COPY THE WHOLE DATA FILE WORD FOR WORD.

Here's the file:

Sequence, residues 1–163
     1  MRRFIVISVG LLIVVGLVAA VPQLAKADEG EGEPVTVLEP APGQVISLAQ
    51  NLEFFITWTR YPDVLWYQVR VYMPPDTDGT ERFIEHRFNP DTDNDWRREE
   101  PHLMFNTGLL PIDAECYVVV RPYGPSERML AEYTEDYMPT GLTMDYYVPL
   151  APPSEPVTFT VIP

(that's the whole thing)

Sequence, residues 1–163
     1  MRRFIVISVG LLIVVGLVAA VPQLAKADEG EGEPVTVLEP APGQVISLAQ
    51  NLEFFITWTR YPDVLWYQVR VYMPPDTDGT ERFIEHRFNP DTDNDWRREE
   101  PHLMFNTGLL PIDAECYVVV RPYGPSERML AEYTEDYMPT GLTMDYYVPL
   151  APPSEPVTFT VIP